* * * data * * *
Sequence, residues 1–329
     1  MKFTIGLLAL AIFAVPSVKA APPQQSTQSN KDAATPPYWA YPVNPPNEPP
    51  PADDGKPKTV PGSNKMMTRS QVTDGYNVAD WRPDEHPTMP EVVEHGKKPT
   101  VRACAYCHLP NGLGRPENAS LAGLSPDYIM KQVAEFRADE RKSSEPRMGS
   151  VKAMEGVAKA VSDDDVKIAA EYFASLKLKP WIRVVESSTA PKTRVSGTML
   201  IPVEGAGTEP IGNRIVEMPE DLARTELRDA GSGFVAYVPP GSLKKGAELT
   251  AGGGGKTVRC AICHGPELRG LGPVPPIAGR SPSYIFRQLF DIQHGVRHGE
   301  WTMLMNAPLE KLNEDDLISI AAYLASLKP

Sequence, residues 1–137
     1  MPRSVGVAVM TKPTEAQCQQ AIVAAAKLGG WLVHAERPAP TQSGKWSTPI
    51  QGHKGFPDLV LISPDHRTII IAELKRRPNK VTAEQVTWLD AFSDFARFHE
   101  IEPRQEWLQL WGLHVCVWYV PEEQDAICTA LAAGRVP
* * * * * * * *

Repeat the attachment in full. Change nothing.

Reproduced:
Sequence, residues 1–329
     1  MKFTIGLLAL AIFAVPSVKA APPQQSTQSN KDAATPPYWA YPVNPPNEPP
    51  PADDGKPKTV PGSNKMMTRS QVTDGYNVAD WRPDEHPTMP EVVEHGKKPT
   101  VRACAYCHLP NGLGRPENAS LAGLSPDYIM KQVAEFRADE RKSSEPRMGS
   151  VKAMEGVAKA VSDDDVKIAA EYFASLKLKP WIRVVESSTA PKTRVSGTML
   201  IPVEGAGTEP IGNRIVEMPE DLARTELRDA GSGFVAYVPP GSLKKGAELT
   251  AGGGGKTVRC AICHGPELRG LGPVPPIAGR SPSYIFRQLF DIQHGVRHGE
   301  WTMLMNAPLE KLNEDDLISI AAYLASLKP

Sequence, residues 1–137
     1  MPRSVGVAVM TKPTEAQCQQ AIVAAAKLGG WLVHAERPAP TQSGKWSTPI
    51  QGHKGFPDLV LISPDHRTII IAELKRRPNK VTAEQVTWLD AFSDFARFHE
   101  IEPRQEWLQL WGLHVCVWYV PEEQDAICTA LAAGRVP